Psychological factors are more strongly associated with pain than radiographic severity in non-invasively treated first carpometacarpal osteoarthritis

Lisa Hoogendam*, Mark J.W. van der Oest, Jonathan Tsehaie, Robbert M. Wouters, Guus M. Vermeulen, Harm Slijper, Ruud Selles, Jarry Porsius, the Hand-Wrist Study Group

*Corresponding author for this work

Research output: Contribution to journalArticleAcademicpeer-review

18 Citations (Scopus)
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Abstract

Background: The aim of this study was to investigate to what extent psychological factors are related to pain levels prior to non-invasive treatment in patients with osteoarthritis of the first carpometacarpal joint. 

Methods: We included patients (n = 255) at the start of non-invasive treatment for osteoarthritis of the first carpometacarpal joint who completed the Michigan Hand Outcome Questionnaire. Psychological distress, pain catastrophizing behavior and illness perception was measured. X-rays were scored on presence of scaphotrapeziotrapezoid osteoarthritis. We used hierarchical linear regression analysis to determine to what extent pain levels could be explained by patient characteristics, X-ray scores, and psychological factors. 

Results: Patient characteristics and X-ray scores accounted for only 6% of the variation in pre-treatment pain levels. After adding the psychological factors to our model, 47% of the variance could be explained. 

Conclusions: Our results show that psychological factors are more strongly related to pain levels prior to non-invasive treatment in patients with osteoarthritis of the first carpometacarpal joint than patient characteristics and X-ray scores, which implies the important role of these factors in the reporting of symptoms. More research is needed to determine whether psychological factors will also affect treatment outcomes for patients treated non-invasively for osteoarthritis of the first carpometacarpal joint.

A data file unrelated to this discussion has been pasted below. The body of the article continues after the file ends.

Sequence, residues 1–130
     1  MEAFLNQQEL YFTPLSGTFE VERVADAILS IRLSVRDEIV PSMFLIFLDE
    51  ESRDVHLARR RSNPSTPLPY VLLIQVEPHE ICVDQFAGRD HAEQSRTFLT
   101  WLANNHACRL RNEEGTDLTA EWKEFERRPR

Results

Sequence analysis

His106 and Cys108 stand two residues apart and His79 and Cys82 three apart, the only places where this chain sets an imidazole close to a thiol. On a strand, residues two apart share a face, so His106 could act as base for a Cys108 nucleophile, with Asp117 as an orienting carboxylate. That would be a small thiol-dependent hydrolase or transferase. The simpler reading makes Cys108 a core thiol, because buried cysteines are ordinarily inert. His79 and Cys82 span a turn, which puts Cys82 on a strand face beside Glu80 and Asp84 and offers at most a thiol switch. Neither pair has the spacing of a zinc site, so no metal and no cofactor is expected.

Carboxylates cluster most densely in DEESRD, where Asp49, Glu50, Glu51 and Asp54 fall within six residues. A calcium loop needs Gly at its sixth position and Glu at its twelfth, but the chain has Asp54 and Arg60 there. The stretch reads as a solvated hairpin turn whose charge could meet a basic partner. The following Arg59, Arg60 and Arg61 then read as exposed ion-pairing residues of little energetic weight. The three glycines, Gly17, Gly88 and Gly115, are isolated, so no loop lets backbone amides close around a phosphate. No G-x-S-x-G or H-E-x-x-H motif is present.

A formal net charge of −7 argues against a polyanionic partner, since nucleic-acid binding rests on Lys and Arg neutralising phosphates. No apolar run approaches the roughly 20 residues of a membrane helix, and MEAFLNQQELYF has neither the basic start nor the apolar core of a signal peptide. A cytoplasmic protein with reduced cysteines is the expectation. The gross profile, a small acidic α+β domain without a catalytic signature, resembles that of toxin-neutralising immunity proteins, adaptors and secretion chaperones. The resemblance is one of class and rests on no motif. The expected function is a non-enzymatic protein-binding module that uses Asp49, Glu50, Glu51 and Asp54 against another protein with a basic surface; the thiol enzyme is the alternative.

IMPLICATIONS FOR REHABILITATION Pain is the most important complaint for patients with osteoarthritis of the first carpometacarpal joint. Psychological factors are strongly associated with pain levels prior to treatment. Pain catastrophizing behavior appears to be a promising target for complementary treatment in patients with osteoarthritis of the first carpometacarpal joint.

Original languageEnglish
Pages (from-to)1897-1902
Number of pages6
JournalDisability and Rehabilitation
Volume43
Issue number13
Early online date8 Nov 2019
DOIs
Publication statusPublished - 2021

Bibliographical note

Funding Information:
The authors thank all patients who participated and allowed their data to be anonymously used for the present study. The members of the Hand-Wrist Study Group are Arjen Blomme, Berbel Sluijter, Corinne Schouten, Dirk-Jan van der Avoort, Erik Walbeehm, Gijs van Couwelaar, Guus Vermeulen, Hans de Schipper, Hans Temming, Jeroen van Uchelen, Luitzen de Boer, Nicoline de Haas, Oliver Z?phel, Reinier Feitz, Sebastiaan Souer, Steven Hovius, Thybout Moojen, Xander Smit, Rob van Huis, Pierre-Yves Pennehouat, Karin Schoneveld, Yara van Kooij, Robbert Wouters, Paul Zagt, Folkert van Ewijk, Frederik Moussault, Rik van Houwelingen, Joris Veltkamp, Arenda te Velde, Alexandra Fink, Harm Slijper, Ruud Selles, Jarry Porsius, Kim Spekreijse, Chao Zhou, Jonathan Tsehaie, Ralph Poelstra, Miguel Janssen, Mark van der Oest, Stefanie Evers, Jak Dekker, Matijs de Jong, Jasper van Gestel, Marloes ter Stege, Menno Dekker, Roel Faber, Frank Santegoets, Monique Sieber-Rasch, and Ton Gerritsen.

Publisher Copyright:
© 2019 The Author(s). Published by Informa UK Limited, trading as Taylor & Francis Group.

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